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The adaptive capacity of the management of cultural heritage sites to climate change
Helen was awarded a 3 year PhD studentship as part of the Urban Futures Doctoral Training Programme in 2009. She began her PhD in January 2010 after successfully completing a Masters in Planning, specialising in historic conservation.
The purpose of her research is to investigate adaptation to climate change at cultural heritage sites in the UK. Her Director of Studies is Mrs Elizabeth Wilson from the Department of Planning, and her second supervisor is Dr Aylin Orbasli from the Department of Architecture. Helen is currently starting the second year of her PhD. She has carried out an extensive literature review on her research area, and is now working on her methodology. She plans to start fieldwork in the summer of 2010, which will involve carrying out research at several UK World Heritage Sites. Interviews will be carried out with stakeholders involved in site management and documentary information will be collected for analysis.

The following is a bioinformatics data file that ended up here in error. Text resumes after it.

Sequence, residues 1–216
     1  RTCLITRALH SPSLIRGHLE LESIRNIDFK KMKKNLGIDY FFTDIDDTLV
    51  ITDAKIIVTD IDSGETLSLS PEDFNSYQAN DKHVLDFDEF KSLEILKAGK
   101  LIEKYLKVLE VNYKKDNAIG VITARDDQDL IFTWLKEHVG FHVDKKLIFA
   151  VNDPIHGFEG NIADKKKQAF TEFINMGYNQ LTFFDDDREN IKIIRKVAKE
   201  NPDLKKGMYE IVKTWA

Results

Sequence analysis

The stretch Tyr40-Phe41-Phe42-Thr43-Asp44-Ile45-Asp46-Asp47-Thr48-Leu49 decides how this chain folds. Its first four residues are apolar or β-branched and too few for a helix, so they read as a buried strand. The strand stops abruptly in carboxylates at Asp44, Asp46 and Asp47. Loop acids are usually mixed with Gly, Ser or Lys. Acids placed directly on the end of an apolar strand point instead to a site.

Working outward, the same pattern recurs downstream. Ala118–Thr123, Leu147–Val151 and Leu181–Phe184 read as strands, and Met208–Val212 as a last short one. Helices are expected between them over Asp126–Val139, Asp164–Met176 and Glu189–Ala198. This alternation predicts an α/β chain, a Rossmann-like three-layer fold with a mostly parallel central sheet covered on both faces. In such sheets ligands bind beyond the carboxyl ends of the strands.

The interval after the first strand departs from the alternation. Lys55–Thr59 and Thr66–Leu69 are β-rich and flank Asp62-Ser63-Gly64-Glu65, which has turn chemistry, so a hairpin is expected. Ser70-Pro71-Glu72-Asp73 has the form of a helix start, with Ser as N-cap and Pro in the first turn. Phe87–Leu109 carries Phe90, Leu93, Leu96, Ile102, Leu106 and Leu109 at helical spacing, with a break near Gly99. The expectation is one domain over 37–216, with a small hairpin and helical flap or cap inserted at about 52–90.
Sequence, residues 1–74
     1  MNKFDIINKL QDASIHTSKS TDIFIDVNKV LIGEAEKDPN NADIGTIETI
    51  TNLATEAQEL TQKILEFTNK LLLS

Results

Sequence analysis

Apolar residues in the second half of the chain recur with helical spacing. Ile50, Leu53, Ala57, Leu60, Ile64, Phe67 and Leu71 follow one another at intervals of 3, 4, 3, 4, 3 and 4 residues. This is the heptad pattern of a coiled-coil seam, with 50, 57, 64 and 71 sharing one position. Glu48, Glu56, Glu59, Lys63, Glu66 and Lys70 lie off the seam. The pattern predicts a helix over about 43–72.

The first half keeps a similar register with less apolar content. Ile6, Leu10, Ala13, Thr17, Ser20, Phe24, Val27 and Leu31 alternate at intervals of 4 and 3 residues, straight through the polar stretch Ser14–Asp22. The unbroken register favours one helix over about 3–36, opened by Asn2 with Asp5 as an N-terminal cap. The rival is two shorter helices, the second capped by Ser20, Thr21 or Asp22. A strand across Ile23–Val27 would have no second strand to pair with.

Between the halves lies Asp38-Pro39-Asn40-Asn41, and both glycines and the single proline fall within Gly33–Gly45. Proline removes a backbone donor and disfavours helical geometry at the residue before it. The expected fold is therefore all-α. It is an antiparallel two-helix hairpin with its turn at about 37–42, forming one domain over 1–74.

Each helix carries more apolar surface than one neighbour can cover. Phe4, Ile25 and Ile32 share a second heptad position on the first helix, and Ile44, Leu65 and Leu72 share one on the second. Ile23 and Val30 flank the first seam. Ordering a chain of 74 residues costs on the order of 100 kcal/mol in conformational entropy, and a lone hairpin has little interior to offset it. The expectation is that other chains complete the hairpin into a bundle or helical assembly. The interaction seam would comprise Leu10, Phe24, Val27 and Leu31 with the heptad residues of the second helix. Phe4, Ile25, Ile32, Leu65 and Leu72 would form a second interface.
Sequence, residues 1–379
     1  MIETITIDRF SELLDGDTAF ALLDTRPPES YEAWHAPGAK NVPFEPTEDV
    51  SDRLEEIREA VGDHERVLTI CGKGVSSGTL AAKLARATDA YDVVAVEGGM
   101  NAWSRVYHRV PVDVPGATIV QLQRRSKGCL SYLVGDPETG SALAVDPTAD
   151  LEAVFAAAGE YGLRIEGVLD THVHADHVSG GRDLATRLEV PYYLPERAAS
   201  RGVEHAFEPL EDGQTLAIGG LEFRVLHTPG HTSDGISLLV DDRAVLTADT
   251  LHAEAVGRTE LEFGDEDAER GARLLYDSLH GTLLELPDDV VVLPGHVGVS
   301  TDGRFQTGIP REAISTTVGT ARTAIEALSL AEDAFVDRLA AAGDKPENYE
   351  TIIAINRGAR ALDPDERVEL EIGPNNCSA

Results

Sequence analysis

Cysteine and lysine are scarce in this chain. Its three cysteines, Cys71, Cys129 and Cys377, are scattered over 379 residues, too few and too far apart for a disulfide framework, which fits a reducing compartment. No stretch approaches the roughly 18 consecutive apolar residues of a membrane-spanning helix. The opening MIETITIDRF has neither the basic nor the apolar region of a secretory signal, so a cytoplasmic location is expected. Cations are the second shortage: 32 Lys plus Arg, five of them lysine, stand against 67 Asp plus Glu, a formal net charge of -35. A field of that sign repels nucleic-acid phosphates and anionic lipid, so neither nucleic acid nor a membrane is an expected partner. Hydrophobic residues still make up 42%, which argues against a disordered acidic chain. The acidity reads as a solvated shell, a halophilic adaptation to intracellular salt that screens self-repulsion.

Helen already has some experience in the field, having previously carried out several research projects on climate change adaptation. A key focus of previous research had been the topic of flooding in historic buildings. She authored an article on the awareness of adaptation amongst planning professionals, which was published in Town and Country Planning Journal in 2008.
In 2010 Helen was awarded funding by the Council of Europe to attend a one week Doctoral Course on the Management and Protection of Cultural Heritage at the European University Centre for Cultural Heritage (CUEBC) in Italy. She was also asked to present her research to the Oxford Brookes University Governors.
Previously Helen worked for local government and for the construction industry. Whilst studying at Brookes, Helen has contributed to the MSc module 'Delivering Sustainable Futures' by leading seminars. She has also taught on the Masters course in International Architectural Regeneration . She aims to gain more teaching experience throughout the course of her PhD.